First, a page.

Sample Problem: STOICHIOMETRY and percent yield calculations. How much H 2 O will be formed if 454 g of. decomposes? NH 4 NO 3 N 2 O + 2 H 2 O


 Reynold Ramsey
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1 STOICHIOMETRY and percent yield calculations 1 Steps for solving Stoichiometric Problems 2 Step 1 Write the balanced equation for the reaction. Step 2 Identify your known and unknown quantities. Step 3 Convert from grams of known to moles of known Step 4 Convert from moles of known to moles of unknown Step 5 Convert from moles of unknown to grams of unknown Reactants: Zn + I 2 Product: Zn I 2 Sample Problem: How much H 2 O will be formed if 454 g of NH 4 NO 3 decomposes? 3 SAMPLE PROBLEM: If 454 g of NH 4 NO 3 decomposes, how much H 2 O is formed? STEP 1 Write the balanced chemical equation 4 SAMPLE PROBLEM: If 454 g of NH 4 NO 3 decomposes, how much H 2 O is formed? STEP 2 Identify your known and unknown quantities. 5 STEP 3 Convert from grams of known to moles of known Use the molar mass 454 g 1 mol g = 5.68 mol NH 4NO3 6
2 NH 4 NO 3 > > N 2 O + 2 H 2 O STEP 4 Convert from moles of known to moles of unknown Use the mole ratio 1 mol NH 4 NO 3 : 2 mol H 2 O 2 mol H 2 O produced 1 mol NH 4 NO 3 used 7 NH 4 NO 3 > > N 2 O + 2 H 2 O STEP 4 Convert from moles of known to moles of unknown Use the mole ratio 5.68 mol NH 4 NO 3 2 mol H 2 O produced 1 mol NH 4 NO 3 used = 11.4 mol H 2 O produced 8 STEP 5 Convert from moles of unknown to grams of unknown Use the molar mass 11.4 mol H 2 O g 1 mol = 204 g H 2 O 9 Molar known GENERAL PLAN FOR STOICHIOMETRY CALCULATIONS known known Mole Ratio unknown Molar unknown unknown 10 ALWAYS FOLLOW THESE STEPS IN SOLVING STOICHIOMETRY PROBLEMS! SAMPLE PROBLEM: If 454 g of NH 4 NO 3 decomposes, how much H 2 O is formed? OUR FINAL ANSWER WAS: = 204 g H 2 O produced This is called the THEORETICAL YIELD it is how much water we theoretically should produce. 11 Theoretical Yield: a.k.a. predicted yield is calculated (by stoichometry) The amount of product we should get. Actual Yield: aka Experimental Yield is measured in the lab What you actually did produce Always less than the theoretical yield. 12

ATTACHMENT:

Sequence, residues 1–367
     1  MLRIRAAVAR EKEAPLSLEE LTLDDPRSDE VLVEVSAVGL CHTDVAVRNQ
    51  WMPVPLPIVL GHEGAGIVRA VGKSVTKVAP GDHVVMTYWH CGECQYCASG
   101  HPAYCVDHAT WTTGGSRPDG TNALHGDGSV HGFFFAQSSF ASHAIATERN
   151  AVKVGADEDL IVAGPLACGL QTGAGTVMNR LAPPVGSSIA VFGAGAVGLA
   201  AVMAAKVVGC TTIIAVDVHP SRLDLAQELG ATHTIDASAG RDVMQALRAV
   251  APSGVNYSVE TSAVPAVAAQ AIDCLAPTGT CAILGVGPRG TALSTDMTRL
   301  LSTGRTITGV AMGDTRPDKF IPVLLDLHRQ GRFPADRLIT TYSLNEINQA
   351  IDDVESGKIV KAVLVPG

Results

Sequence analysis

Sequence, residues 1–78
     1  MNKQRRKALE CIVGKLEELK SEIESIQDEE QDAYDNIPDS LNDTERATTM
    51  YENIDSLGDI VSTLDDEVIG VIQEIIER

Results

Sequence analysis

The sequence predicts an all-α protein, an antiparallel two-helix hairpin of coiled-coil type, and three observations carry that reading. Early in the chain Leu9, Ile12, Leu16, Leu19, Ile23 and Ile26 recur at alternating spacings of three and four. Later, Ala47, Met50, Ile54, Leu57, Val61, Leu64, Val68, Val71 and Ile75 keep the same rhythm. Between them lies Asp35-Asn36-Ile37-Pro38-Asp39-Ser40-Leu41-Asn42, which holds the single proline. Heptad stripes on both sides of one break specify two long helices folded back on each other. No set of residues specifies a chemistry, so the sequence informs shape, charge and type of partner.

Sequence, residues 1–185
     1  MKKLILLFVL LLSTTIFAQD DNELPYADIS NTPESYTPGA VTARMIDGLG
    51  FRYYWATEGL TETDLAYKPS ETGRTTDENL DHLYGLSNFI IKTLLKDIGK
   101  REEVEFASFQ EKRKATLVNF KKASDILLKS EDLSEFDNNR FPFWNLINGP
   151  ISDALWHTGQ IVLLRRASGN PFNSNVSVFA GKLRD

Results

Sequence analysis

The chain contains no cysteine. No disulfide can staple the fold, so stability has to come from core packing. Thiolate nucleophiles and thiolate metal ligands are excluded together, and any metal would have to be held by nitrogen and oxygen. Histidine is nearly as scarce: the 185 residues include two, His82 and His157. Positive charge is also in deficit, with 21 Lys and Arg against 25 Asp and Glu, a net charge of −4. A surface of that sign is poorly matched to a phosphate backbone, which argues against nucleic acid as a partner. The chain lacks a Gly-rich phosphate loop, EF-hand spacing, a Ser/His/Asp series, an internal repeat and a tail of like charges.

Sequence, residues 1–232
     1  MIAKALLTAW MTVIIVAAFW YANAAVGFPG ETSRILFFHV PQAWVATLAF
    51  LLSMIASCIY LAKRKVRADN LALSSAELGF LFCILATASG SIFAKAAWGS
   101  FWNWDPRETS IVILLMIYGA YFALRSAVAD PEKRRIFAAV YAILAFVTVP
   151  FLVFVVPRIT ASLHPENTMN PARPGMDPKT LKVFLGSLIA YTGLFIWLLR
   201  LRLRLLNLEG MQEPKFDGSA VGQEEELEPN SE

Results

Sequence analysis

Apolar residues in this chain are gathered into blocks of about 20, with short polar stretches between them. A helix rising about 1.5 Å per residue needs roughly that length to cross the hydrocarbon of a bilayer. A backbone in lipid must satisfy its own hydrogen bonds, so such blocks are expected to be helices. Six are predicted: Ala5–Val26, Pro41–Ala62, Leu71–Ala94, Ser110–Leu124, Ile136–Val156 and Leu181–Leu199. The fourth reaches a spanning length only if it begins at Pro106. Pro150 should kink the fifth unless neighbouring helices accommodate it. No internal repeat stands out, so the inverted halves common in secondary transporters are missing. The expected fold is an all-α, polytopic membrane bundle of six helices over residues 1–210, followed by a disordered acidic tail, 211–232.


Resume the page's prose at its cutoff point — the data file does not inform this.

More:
3 Percent Yield = Actual Yield Theoretical Yield Always less than 100 % Ratio of actual production to theoretical production. Not the same as percent error! x NH 4 NO 3 > > N 2 O + 2 H 2 O Sample Problem Con t: Our theoretical yield was 204 g H 2 O If Johnny Q. Chemistry did the reaction and only collected 186 g H 2 O, the percent yield would be: 186 g H 2 O 204 g H 2 O 14 x 100 = 91% Stoichiometry can be used to Determine a Formula: 15 Determining the Formula of a Hydrocarbon by Combustion 16 If we burn an hydrocarbon fuel with an unknown formula, C x H y,, using a known quantity of oxygen gas: 4.0 g C x H y g O 2 > 5.0 g CO g H 2 O CCR, page 138 The mass of CO 2 and H 2 O produced can be used to determine the amount of C and H present in the formula. Reactions Involving a LIMITING REACTANT Usually, there is not enough of one reagent to use up the other reagent completely. LIMITS the The reagent in short supply LIMITS the quantity of product that can be formed. It is called the limiting reagent 17 LIMITING REACTANTS (See CD Screen 4.8) React solid Zn with mol HCl (aq) Zn + 2 HCl > > ZnCl 2 + H Rxn 1: Balloon inflates fully, some Zn left * More than enough Zn to use up the mol HCl Rxn 2: Balloon inflates fully, no Zn left * Right amount of each (HCl( and Zn) Rxn 3: Balloon does not inflate fully, no Zn left. * Not enough Zn to use up mol HCl 18